Wyclef Jean, the hip-hop musician, relief worker, and one-time Haitian Presidential candidate, has robustly defended his personal charity against allegations of misspending millions of dollars that were donated in the aftermath of last year's earthquake.
The singer said that a New York Post article questioning what it called the "dubious" finances of his aid agency, Yele, was "misleading, deceptive, and incomplete". Regarding suggestions that the organisation "squandered" its resources, he insisted "nothing could be further from the truth".
Mr Jean, who was born in Haiti and achieved fame in the mid-1990s with The Fugees, was responding to a report published by the newspaper on Sunday, which revealed that just under a third of the $16m that Yele raised following the 2010 disaster has so far been spent on emergency relief. Citing recent tax filings, the Post claimed that in 2010 the charity paid $350,000 to a construction company run by Mr Jean's brother-in-law, Warnel Pierre. Another $1m was paid to a Florida-based firm called Amisphere Farm Labor, owned by one Amsterly Pierre, which does not appear to currently exist.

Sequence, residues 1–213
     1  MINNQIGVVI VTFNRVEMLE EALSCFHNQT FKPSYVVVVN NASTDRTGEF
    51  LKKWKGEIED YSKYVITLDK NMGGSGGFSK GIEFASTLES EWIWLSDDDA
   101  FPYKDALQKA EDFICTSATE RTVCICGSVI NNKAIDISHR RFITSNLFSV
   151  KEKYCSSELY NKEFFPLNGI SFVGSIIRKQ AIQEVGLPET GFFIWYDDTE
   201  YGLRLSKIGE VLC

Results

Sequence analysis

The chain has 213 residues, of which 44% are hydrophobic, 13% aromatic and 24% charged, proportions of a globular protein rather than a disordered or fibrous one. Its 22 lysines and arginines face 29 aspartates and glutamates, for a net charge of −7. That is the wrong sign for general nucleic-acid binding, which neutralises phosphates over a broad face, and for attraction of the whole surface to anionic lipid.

Mr Jean insisted that both companies carried out legitimate work. The construction firm built an orphanage and sanitary facilities in Cité Soleil, one of the biggest slums in Port-au-Prince. Amisphere, meanwhile, prepared and delivered about 100,000 meals to victims of the earthquake.
He said he "stood by" the payments to the two firms, saying they were made at a "chaotic" time when lives depended on speedy disaster response. The percentage of funds so far used for aid work by Yele was "consistent with NGOs and Not For Profits operating in Haiti at the time".
In the aftermath of the January 2010 disaster, in which 200,000 Haitians died, Jean used Twitter to appeal for $5 donations, raising millions of dollars. But he soon issued a tearful apology, via YouTube, for the way that money was being spent.